"He was a brilliant banker, but never developed a taste for tailor-made suits or fashionable neckware," remembers a former colleague.
Mr Redwood entered the City with a first in history and joined Robert Fleming, the vast privately-owned investment bank with strong Scottish connections and a patrician approach to its employees.
He used his prestigious intellect to analyse companies, searching for bargains to buy for his investors. He quickly shone and in 1977 moved to Rothschild Asset Management, one of the most pukka names in the City and sometime employer of many Tory ministers including Norman Lamont and Lord Wakenham.
Colleagues regarded him as one of the brightest talents in the Chetwin House office. But in the Mess - Rothschild's sumptuous directors dining room - his ambition and conscientiousness made him too purposeful to be clubbable.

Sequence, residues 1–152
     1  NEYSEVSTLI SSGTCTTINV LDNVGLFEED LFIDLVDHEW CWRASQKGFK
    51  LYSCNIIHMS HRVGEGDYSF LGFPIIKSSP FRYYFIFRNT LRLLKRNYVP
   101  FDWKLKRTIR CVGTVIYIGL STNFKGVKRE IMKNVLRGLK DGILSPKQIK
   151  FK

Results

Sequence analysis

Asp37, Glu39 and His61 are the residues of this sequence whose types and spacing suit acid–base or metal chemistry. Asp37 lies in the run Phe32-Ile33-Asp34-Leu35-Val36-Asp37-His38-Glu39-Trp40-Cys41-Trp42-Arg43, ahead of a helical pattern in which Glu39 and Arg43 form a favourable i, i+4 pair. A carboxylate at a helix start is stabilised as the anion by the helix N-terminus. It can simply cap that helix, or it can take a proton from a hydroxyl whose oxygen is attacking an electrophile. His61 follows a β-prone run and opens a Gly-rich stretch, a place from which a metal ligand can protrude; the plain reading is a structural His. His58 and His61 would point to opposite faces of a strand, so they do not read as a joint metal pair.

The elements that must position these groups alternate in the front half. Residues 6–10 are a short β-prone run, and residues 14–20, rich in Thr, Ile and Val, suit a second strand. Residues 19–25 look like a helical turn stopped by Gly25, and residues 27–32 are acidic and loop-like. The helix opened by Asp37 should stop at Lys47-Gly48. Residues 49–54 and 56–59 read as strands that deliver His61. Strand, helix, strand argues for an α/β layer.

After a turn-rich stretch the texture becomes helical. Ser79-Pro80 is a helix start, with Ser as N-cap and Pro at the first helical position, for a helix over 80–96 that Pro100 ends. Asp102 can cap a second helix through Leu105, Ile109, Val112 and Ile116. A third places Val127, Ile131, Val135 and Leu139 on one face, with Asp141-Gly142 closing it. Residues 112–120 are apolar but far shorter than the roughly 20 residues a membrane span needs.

He left Rothschild when Baroness Thatcher appointed him to her policy unit. Two years later, out on the street after leaving No 10, he turned back to the bank and met with Sir Michael Richardson, head of Rothschild.
Sir Michael listened to Redwood's argument that the privatisations of British Gas and Rolls Royce, would be repeated across the globe.
He made the bold decision to take him out of the sleepy confines of fund management and move him to the tough bear-pit of corporate finance, selling Rothschild's services abroad through NM Rothschild.
"When he first arrived we all thought he was completely bonkers," remembers another former colleague, "but he turned out to be right about privatisations."
Mr Redwood travelled the world selling Thatcher's gospel and Rothschild services. "It's become one of the most profitable ventures the bank has ever entered into," said one employee.